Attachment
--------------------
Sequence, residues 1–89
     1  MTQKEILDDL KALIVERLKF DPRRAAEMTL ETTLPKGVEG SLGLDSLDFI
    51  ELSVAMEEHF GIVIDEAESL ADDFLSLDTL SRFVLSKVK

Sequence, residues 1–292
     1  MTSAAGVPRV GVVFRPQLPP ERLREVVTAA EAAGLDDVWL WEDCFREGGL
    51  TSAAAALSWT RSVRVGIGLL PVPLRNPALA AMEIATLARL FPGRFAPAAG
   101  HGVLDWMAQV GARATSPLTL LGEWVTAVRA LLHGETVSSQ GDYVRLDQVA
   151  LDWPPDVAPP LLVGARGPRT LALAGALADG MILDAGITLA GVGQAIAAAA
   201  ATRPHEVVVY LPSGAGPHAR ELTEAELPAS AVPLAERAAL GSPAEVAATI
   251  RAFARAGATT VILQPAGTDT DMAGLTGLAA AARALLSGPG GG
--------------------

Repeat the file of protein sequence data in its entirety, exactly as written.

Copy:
Sequence, residues 1–89
     1  MTQKEILDDL KALIVERLKF DPRRAAEMTL ETTLPKGVEG SLGLDSLDFI
    51  ELSVAMEEHF GIVIDEAESL ADDFLSLDTL SRFVLSKVK

Sequence, residues 1–292
     1  MTSAAGVPRV GVVFRPQLPP ERLREVVTAA EAAGLDDVWL WEDCFREGGL
    51  TSAAAALSWT RSVRVGIGLL PVPLRNPALA AMEIATLARL FPGRFAPAAG
   101  HGVLDWMAQV GARATSPLTL LGEWVTAVRA LLHGETVSSQ GDYVRLDQVA
   151  LDWPPDVAPP LLVGARGPRT LALAGALADG MILDAGITLA GVGQAIAAAA
   201  ATRPHEVVVY LPSGAGPHAR ELTEAELPAS AVPLAERAAL GSPAEVAATI
   251  RAFARAGATT VILQPAGTDT DMAGLTGLAA AARALLSGPG GG